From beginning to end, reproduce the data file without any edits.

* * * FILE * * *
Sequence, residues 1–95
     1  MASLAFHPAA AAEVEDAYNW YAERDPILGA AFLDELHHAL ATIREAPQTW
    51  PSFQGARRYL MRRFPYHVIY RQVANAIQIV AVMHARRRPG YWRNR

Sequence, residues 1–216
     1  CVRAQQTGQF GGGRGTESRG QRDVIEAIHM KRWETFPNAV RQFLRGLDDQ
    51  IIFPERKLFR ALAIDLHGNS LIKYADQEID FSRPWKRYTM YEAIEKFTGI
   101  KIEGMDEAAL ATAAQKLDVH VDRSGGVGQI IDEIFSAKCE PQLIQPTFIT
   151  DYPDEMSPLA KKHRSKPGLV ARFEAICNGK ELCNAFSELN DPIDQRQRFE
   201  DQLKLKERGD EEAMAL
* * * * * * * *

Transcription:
Sequence, residues 1–95
     1  MASLAFHPAA AAEVEDAYNW YAERDPILGA AFLDELHHAL ATIREAPQTW
    51  PSFQGARRYL MRRFPYHVIY RQVANAIQIV AVMHARRRPG YWRNR

Sequence, residues 1–216
     1  CVRAQQTGQF GGGRGTESRG QRDVIEAIHM KRWETFPNAV RQFLRGLDDQ
    51  IIFPERKLFR ALAIDLHGNS LIKYADQEID FSRPWKRYTM YEAIEKFTGI
   101  KIEGMDEAAL ATAAQKLDVH VDRSGGVGQI IDEIFSAKCE PQLIQPTFIT
   151  DYPDEMSPLA KKHRSKPGLV ARFEAICNGK ELCNAFSELN DPIDQRQRFE
   201  DQLKLKERGD EEAMAL